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首页 » 英文短篇小说 » The Camp Fire Girls at Driftwood Heights » CHAPTER XI THE REVOLT OF RUTH
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“We certainly missed one grand ducking,” crowed Jane. “Just listen to that!”

Gathered in the living room, the foresters had good reason for self-congratulation. Not more than ten minutes had passed since their run to cover, yet in that short interval, the shower had increased to driving sheets of rain that lashed furiously against the window panes. Above the beating of the rain, the wind whistled and roared about the sturdy little cottage, as though determined to tear it from its foundations.

“I’d hate to be back in the woods now with this storm going on,” shuddered Betty. “That wind is strong enough to send the trees crashing down.”

“We are lucky to have escaped it,” said Miss Drexal. “I would advise you girls to go upstairs and change your damp clothing. Then you will run no risk of catching cold. I am going to take my own advice and do so at once.”

“I hope that horrid man that nearly ran us down gets a good wetting,” grumbled Sarah.

“He wasn’t a man. He was only a crazy boy,” jeered Jane.

“I’d like to know where he came from so suddenly,” remarked Betty. “I wonder if he lives somewhere near here.”

“He drove his car up the road just as we came out of the woods,” informed Ruth. “Didn’t any of you see him then? It was at the very minute when Jane fell down.”

“You couldn’t expect us to bother with a little thing like an automobile when our Jane had come to grief,” smiled Anne. “I never even heard it.”

“Nor I,” chorused several voices.

For reasons best known to herself, Ruth was not sorry to hear this.

“He couldn’t have gone much further than the cottage, or he wouldn’t have come back so soon,” argued Betty. “He certainly didn’t stop at the Heights, or Martha would have mentioned it when she told us about the drayman bringing our trunks.”

“I don’t see why he should stop here,” declared Jane. “We don’t know him and he doesn’t know us.”

“The Mystery of the Mad Motorist; or Why, Where and When,” supplied Frances gaily.

“Very likely he was afraid of the storm, and decided to turn back,” suggested practical Betty, bent on clearing up the mystery.

“Why bother our heads over a silly boy who hasn’t any notion of speed laws?” laughed Marian. “Let’s think of our own precious selves, and go upstairs for a grand change of costume. Blanche has certainly beaten us to it. She didn’t stop to compare notes with us.”

“That’s so. I’d forgotten about seeing her come in just ahead of us. I wonder where she had been.” Mention of Blanche had aroused Jane’s curiosity. “She must have—” Jane stopped. She had been on the point of saying that Blanche must have forgotten all about being tired.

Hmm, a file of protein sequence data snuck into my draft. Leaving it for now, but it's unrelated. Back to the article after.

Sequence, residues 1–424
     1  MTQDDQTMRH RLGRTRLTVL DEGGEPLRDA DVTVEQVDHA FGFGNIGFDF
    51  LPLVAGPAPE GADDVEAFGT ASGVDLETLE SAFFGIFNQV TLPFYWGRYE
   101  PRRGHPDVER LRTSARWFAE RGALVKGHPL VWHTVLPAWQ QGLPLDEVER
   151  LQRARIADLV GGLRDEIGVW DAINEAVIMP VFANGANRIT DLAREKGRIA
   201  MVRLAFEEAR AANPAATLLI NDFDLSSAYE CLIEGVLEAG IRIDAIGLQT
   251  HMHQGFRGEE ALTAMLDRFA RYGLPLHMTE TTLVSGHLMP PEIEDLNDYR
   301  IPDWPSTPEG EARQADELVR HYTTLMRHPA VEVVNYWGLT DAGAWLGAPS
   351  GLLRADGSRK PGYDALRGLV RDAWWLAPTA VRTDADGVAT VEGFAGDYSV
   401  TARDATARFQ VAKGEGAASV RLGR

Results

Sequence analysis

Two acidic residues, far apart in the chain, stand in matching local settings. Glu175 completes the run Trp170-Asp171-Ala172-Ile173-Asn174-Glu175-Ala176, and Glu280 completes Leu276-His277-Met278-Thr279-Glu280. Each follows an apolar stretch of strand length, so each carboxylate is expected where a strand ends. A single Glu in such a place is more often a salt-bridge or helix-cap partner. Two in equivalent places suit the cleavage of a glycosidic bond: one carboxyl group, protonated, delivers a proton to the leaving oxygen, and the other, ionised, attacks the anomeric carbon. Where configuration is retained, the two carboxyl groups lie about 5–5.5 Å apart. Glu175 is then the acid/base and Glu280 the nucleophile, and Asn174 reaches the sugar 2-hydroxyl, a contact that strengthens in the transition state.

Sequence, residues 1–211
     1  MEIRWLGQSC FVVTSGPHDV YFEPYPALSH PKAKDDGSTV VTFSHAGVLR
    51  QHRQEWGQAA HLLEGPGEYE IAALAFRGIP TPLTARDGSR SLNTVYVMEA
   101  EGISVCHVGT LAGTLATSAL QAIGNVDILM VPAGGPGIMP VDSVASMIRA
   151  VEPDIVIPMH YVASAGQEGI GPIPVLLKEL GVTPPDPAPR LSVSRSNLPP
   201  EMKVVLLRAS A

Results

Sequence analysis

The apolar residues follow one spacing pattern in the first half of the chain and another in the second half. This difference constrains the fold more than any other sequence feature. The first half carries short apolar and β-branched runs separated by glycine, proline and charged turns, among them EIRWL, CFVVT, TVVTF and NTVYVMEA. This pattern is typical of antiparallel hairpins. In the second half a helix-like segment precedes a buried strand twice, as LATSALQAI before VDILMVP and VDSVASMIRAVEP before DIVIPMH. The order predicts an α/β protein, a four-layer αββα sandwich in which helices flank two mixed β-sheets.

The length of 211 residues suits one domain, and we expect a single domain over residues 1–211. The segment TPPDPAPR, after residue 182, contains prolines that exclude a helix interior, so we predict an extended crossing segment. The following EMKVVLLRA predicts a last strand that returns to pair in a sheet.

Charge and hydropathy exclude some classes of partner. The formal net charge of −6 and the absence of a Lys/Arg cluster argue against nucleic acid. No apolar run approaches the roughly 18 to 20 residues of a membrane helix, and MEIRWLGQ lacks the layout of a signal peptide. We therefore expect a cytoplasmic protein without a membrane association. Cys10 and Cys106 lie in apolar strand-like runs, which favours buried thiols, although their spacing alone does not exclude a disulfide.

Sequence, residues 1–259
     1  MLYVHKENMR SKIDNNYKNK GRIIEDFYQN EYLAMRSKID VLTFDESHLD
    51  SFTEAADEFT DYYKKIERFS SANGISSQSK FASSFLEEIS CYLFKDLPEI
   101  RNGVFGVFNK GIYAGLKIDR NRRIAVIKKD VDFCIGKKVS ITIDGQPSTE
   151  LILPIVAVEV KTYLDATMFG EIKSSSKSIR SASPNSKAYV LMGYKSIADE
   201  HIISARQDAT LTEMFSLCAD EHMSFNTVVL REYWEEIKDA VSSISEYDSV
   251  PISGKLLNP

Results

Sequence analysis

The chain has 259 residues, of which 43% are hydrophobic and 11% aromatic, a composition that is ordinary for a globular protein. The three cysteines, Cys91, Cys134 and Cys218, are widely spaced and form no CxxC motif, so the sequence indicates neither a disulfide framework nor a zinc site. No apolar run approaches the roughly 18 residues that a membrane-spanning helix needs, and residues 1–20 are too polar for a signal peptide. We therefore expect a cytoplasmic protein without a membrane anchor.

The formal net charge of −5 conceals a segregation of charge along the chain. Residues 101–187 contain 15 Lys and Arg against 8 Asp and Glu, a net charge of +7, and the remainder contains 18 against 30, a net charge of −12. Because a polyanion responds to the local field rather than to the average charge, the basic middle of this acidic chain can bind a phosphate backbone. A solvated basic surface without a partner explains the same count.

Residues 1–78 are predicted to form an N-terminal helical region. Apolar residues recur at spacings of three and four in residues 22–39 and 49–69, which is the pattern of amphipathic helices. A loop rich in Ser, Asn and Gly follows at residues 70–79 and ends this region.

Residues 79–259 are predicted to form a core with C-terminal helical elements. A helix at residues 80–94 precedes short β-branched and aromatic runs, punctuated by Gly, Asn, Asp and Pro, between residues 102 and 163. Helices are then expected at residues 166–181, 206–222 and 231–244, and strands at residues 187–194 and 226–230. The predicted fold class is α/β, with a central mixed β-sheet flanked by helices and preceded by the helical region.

Sarah giggled faintly. She had guessed the rest of the speech to be satirical, hence Jane’s reason for chopping it off so abruptly. Ruth cast the sharp-tongued girl an approving glance, which Jane caught and understood.

“Come, girls.” Miss Drexal moved toward the hall.

Arrived in their rooms, the hikers lost no time in changing their slightly damp clothing for simple house gowns, substituting pumps and slippers for their cumbersome high tan boots.

The Guardian found Blanche, already arrayed in a pale blue linen gown, seated before the dressing-table rearranging her auburn hair in the elaborate coiffure she always affected.

“I thought I would go for a walk,” she began hurriedly, before Miss Drexal had time to make a remark. “I had no idea it was going to storm. I was hurrying for the cottage when you and the girls came up the road. I was tired of just sitting around doing nothing,” she added, as though feeling it incumbent upon her to explain her movements.

“I am glad you went. It was fortunate you didn’t walk far,” replied Miss Drexal, smiling. She was secretly pleased to find that her languid guest had been about and stirring. Her advice to Blanche, before starting on the walk, had evidently borne fruit. At once busying herself with her own dressing, she failed to observe the curious expression of relief that lurked in Blanche’s eyes as she studied the other woman intently for an instant, then turned to the mirror.

Before Miss Drexal had completed her change of gown, Blanche rose and walked to the door. “I am going to Ruth’s room,” she announced. She was bent on getting away, lest the registrar should ask questions which she could not truthfully answer. She preferred not to commit herself to anything which might afterward involve her in a mesh of difficulties.